Song of the Whale

In August 2005, the new IFAW research vessel “Song of the Whale” visited Grand Manan.  They were promoting their non-invasive work studying whales in many parts of the world and also promoting their support of our Harbour Porpoise Release Program and Large Whale Disentanglement.  The boat was open to visitors for 4 days as well as invited groups from the island.  Response was good.  Saturday night there was an open house at the Research Station highlighting both the HPRP and Whale Disentanglement and included a tour of the “Song of the Whale”.  Sunday included a dinner onboard the vessel with the winner of a children’s art contest (Rachel Jones and her family).  On Monday night some of our researchers were treated to a sunset cruise complete with harbour porpoises, harbour seals and a finback whale.  The tour continued in St. Andrews and Campobello Island, and then the crew spent a few days surveying for right whales in the Bay before heading to Cape Cod.

What has been happening in the Bay of Fundy?

The number of humpback whales has been increasing, back to more “normal” numbers.  Pilot whales, lone orcas and white beaked dolphins have also been seen in the Bay in the last two years.  A large pod of sei whales were seen briefly as well in 2005.

In 2005, the Bay became eerily clear, with a lack of phytoplankton.  Whales could clearly be seen coming to the surface. Their zooplankton food was still abundant at depth but what this means for 2006 is always a guess.

In 2005, the overall number of right whales was higher in the Bay of Fundy than in 2004 for the entire summer with right whales remaining into November. Fewer right whales were found off the Roseway Basin which may have resulted in more whales in Fundy.  This appeared to be food related, with lower copepod (zooplankton)  biomass on the Scotian Shelf than Fundy.  There were 28 calves born with one disappearing and presumed dead—the 2nd highest number of calves born in one season since 1980 .  Many calves were brought into the Bay including Calvin and her new calf.  You may remember that Calvin was the calf born to Delilah who died in 1992 from a collision with a ship.  Calvin was orphaned at 8 months of age and was not expected to survive but did.  She was also entangled for almost a year in fishing rope in 2000-2001 until she was successfully disentangled.  She delighted everyone when she was seen with first calf.  Calvin can be adopted through our new program.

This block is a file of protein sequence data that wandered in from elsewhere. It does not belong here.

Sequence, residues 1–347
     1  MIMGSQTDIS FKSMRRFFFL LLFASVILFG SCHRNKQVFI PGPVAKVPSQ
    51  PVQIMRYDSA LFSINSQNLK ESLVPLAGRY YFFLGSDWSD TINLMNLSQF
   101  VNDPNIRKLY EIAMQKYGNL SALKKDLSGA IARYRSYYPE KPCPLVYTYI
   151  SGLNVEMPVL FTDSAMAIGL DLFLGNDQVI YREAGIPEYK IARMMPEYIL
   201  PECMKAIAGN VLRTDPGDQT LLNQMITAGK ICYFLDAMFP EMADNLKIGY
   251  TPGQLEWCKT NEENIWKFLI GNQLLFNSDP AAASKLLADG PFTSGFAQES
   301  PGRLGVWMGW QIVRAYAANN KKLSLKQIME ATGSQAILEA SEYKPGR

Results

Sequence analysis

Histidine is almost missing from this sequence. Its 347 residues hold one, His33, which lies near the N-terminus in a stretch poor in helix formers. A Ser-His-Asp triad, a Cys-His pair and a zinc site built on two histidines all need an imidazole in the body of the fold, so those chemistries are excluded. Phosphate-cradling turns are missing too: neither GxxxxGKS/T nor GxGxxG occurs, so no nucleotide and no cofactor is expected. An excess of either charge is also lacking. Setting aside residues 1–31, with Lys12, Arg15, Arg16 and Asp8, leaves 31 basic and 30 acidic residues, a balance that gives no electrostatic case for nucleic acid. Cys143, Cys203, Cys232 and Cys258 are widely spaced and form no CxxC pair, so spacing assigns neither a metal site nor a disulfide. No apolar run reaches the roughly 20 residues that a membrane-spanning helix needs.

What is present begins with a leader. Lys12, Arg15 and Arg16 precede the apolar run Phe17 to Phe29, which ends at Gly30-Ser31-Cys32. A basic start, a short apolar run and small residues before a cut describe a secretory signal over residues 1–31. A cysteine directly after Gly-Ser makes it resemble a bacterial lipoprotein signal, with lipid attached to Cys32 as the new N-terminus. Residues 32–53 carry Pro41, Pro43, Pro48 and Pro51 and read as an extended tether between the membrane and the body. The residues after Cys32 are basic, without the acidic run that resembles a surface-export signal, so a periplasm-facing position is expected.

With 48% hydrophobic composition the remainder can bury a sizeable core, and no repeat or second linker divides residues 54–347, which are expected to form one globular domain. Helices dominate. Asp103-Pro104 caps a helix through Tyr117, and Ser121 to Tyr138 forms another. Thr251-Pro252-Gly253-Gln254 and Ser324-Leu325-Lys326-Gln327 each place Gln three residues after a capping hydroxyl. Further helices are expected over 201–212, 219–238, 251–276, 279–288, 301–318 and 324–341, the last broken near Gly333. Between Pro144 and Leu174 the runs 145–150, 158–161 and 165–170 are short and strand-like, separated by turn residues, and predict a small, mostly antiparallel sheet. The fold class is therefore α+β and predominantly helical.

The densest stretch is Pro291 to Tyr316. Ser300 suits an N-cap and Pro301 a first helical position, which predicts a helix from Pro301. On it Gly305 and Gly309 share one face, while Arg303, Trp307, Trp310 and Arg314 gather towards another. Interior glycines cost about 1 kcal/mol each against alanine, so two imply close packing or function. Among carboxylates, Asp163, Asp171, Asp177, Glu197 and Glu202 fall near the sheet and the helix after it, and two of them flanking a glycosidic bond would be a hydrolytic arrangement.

Unfortunately, another new mother “Lucky” did not survive her pregnancy. She was struck by ship propellers when she was a calf but managed to survive.  Complications during her pregnancy brought on by these deep scars caused a deadly infection.  We have lost too many right whales and too many pregnant females in the last few years and hope this trend does not continue. In 2006 there are at least 19 new calves of which probably 10 will come to the Bay this summer with their mothers.

In 2005 we were prepared to assist with large whale disentanglements throughout the season.  On September 5, 2005, we worked with the Campobello Whale Rescue to remove gillnet fishing gear from a juvenile humpback whale. Although not successful,  the whale was later seen by whale watchers without entangling gear. A dead finback whale was found in August, 2005, off the New Brunswick coast and presumably is the same whale that washed ashore well up into the Bay of Fundy and remained there all winter.  In mid-October, 2005 part of a humpback whale carcass washed ashore on Grand Manan. In both cases cause of death was not determined.